Laurent Rosenfeld Weekly Review: Challenge - 042

Monday, Jan 20, 2020| Tags: Raku

Raku Solutions Weekly Review


Task #1: Octal Numbers

This is derived in part from my blog post made in answer to the Week 42 of the Perl Weekly Challenge organized by Mohammad S. Anwar as well as answers made by others to the same challenge.

The challenge reads as follows:

Write a script to print decimal number 0 to 50 in Octal Number System.

For example:

Decimal 0 = Octal 0
Decimal 1 = Octal 1
Decimal 2 = Octal 2
[ ... ]

My solution

Raku has a base method to convert a number into a string representation in any base between 2 and 36.

With this, it is so easy that we can use a one-liner:

$ perl6 -e 'say "Decimal: $_ \t=  Octal ", .base(8) for 0..50;'
Decimal: 0      =  Octal 0
Decimal: 1      =  Octal 1
Decimal: 2      =  Octal 2
Decimal: 3      =  Octal 3
Decimal: 4      =  Octal 4
Decimal: 5      =  Octal 5
Decimal: 6      =  Octal 6
Decimal: 7      =  Octal 7
Decimal: 8      =  Octal 10
Decimal: 9      =  Octal 11
[ ... Lines omitted for brevity ... ]
Decimal: 45     =  Octal 55
Decimal: 46     =  Octal 56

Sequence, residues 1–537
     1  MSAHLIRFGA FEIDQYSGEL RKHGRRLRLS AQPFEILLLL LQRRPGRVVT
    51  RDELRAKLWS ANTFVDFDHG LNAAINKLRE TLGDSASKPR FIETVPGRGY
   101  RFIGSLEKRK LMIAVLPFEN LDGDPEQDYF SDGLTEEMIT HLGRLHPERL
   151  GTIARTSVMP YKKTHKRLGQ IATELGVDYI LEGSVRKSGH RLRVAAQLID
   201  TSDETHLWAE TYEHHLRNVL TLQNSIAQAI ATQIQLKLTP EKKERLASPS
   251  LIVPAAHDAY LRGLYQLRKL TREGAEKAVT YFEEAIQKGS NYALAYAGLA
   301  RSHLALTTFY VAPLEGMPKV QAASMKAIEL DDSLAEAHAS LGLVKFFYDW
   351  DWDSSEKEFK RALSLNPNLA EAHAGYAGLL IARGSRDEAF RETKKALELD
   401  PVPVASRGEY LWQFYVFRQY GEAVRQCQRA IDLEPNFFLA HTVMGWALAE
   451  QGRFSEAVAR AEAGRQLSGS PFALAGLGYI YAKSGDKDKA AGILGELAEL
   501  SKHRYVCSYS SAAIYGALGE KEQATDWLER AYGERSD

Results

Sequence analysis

Decimal: 47     =  Octal 57
Decimal: 48     =  Octal 60
Decimal: 49     =  Octal 61
Decimal: 50     =  Octal 62

Alternative Solutions

Using the basemethod

Many challengers used the same base method as I did, as follows:

Arne Sommer:

say "Decimal $_ = Octal { $_.base(8) }" for ^51;

[Daniel Mita]‘https://github.com/manwar/perlweeklychallenge-club/blob/master/challenge-042/daniel-mita/raku/ch-1.sh) did it in the form of a one-liner:

raku -e '.base(8).say for ^51'

Markus Holzer:

.base(8).say for ^51

Simon Proctor:

for $start-val..$end-val -> \val {
    say "Decimal {val} = Octal {val.base(8)}";

Ulrich Rieke:

for (1..50) -> $i {
  say "Decimal $i = Octal " ~ $i.base(8).Str ;
}

Using a Format String

Many other challengers used the %o option of the printf, sprintf, and fmt routines (which I also used in my Perl 5 solution):